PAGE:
Think of the worst training session you ever attended. It is likely that the time dragged, there was no sense of purpose and the convenor had given little thought to your experience of the event. This is what we want to avoid in the classroom. The easiest way is to ask yourself three questions when you are planning, and to keep these in mind when teaching:
1. Why are we doing this?
2. What am I expecting pupils to do at each point in the lesson?
3. What is the optimum amount of time for each activity?
The first question deals with purpose. If you cannot answer it, or if the answer is unclear, then it is time to think again. Pupils are unlikely to make significant progress if there is no clear rationale behind what you are asking them to do.
The second question focuses on how you are intending pupils to engage with the learning. Ideally, activities should be structured so that every pupil in your class is doing something. This includes listening, reading, writing, talking and so on. What it ought not to include is doing nothing, or being passive. We see pupils for a limited amount of time. If we are to ensure they are learning as much as possible, we must make every second count.
There needs to be a definite link between the answers to questions one and two. If an activity is included in a lesson and it does not serve a specific, intended purpose then this raises the question: what is it doing there? Jettison anything that does not help you achieve your aims: cutting away excess and unfocused activities will help to maintain a sense of drive and challenge throughout your lessons.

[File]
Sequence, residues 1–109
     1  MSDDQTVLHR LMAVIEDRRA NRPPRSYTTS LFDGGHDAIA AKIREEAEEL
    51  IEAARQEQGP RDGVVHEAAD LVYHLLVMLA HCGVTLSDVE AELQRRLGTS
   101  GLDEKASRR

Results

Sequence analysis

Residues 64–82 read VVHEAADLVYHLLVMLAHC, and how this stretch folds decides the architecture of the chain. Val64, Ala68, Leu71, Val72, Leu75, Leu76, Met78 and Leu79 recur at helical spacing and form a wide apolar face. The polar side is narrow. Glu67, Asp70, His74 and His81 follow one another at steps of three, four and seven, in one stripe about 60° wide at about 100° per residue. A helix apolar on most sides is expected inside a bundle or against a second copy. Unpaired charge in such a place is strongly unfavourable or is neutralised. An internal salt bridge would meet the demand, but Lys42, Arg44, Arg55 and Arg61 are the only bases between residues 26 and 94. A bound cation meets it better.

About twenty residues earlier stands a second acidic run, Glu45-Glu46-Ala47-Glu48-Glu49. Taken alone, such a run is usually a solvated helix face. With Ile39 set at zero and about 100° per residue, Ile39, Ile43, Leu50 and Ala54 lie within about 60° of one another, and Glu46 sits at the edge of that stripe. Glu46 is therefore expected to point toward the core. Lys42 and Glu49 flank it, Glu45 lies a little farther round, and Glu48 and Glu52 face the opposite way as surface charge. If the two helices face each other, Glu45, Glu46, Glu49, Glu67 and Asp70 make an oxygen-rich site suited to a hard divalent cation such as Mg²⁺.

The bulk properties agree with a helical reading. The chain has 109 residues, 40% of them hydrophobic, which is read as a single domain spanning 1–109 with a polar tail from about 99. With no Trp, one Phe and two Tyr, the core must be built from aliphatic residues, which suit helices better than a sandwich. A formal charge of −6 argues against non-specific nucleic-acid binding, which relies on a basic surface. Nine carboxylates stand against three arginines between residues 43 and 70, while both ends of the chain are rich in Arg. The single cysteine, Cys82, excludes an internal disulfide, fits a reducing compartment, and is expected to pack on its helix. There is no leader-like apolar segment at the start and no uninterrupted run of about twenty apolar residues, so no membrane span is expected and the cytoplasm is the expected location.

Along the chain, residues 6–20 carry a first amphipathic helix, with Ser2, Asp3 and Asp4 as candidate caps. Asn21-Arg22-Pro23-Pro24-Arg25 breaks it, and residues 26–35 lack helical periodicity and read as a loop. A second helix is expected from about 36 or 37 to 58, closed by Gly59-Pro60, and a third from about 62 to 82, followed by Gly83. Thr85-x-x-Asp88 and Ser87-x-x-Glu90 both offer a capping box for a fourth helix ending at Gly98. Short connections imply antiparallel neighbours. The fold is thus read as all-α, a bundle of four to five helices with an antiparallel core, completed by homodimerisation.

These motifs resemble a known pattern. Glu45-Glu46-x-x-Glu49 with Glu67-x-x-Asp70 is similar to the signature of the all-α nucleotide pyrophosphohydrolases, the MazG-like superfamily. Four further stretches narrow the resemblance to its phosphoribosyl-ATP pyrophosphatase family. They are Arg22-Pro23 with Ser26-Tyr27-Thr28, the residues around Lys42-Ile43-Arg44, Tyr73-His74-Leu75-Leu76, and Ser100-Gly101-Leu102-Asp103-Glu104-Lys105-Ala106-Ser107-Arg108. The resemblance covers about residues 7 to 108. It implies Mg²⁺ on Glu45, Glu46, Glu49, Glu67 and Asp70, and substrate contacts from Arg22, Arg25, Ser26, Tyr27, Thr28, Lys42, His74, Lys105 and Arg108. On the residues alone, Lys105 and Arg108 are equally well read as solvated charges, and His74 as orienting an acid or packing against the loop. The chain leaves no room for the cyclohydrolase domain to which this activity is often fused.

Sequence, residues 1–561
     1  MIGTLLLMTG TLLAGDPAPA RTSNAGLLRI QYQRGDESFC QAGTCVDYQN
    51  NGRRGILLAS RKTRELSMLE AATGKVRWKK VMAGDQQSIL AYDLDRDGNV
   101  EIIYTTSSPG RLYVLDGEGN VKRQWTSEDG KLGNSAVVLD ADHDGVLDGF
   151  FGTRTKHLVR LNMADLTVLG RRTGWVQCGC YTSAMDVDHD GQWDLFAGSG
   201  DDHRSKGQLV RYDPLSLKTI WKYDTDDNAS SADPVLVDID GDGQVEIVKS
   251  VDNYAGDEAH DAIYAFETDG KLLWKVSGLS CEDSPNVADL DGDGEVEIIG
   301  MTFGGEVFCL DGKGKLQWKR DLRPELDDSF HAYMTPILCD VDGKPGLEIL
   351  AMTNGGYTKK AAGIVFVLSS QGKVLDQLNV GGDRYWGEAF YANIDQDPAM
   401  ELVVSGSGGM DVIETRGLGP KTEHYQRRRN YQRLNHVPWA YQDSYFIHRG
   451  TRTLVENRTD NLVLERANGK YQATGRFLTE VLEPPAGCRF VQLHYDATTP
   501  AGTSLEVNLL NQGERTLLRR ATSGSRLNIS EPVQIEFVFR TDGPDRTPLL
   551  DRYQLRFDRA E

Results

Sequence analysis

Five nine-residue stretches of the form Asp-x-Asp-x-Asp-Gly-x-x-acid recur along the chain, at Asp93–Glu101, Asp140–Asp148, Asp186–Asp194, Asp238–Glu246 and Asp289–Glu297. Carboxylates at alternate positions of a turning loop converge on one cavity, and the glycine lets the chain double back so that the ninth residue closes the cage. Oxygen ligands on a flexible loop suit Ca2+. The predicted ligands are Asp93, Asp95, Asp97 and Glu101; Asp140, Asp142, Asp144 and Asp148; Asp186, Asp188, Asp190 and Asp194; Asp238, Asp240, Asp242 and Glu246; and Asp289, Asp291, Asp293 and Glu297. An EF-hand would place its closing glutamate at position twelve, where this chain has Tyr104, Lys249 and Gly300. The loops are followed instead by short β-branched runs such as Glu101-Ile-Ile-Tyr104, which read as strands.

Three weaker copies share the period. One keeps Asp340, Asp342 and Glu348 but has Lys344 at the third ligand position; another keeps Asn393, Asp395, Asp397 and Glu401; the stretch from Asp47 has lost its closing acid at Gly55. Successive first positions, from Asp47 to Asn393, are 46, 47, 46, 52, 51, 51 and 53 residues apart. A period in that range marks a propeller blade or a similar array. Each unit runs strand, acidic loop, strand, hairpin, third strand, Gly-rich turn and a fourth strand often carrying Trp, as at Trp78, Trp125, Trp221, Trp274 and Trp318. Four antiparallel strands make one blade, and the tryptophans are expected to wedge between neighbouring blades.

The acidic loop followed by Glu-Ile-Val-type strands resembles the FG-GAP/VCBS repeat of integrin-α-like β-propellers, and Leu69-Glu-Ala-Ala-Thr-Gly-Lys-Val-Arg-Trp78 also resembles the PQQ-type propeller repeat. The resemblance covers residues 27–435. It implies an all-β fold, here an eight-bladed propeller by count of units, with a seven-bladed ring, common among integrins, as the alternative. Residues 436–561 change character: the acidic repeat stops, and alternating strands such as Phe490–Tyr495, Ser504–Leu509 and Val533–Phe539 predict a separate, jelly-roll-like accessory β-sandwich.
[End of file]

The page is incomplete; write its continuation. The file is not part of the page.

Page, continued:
The third question deals with pace. It is important to remember that having good pace does not mean rattling through a series of activities with barely a pause for breath.
Good pace is about giving the right amount of time to each lesson segment. It involves constantly assessing what stage each pupil is at and being flexible enough to act on these judgements.
Examples of how you might do this include: moving half the class on to a new activity while the others continue with what they are doing; giving extra time to an activity because pupils have found it difficult; and truncating an activity after realising that pupils have understood it more quickly than you anticipated.
Never underestimate the importance of having high expectations of all pupils. Learning is accessible to all. We know that every pupil can make progress given the right set of circumstances (including a great teacher). Here are five ways to convey your high expectations to pupils.
Reasoning: When pupils share their opinion with you, or when you hear them sharing it with a partner during discussion, push them to explain what underpins that opinion. Do not let unsupported assertions escape without a follow-up question, such as: "Why?", "Why do you think that?", "What reasons do you have for thinking that?" You can even train your pupils to start asking these questions of each other.
Products: Plan your lessons so that pupils are building up to creating some kind of product. This could be an essay, an extended piece of drama or a presentation. This will imbue your lessons with purpose and also show your pupils that you believe they can create significant pieces of work.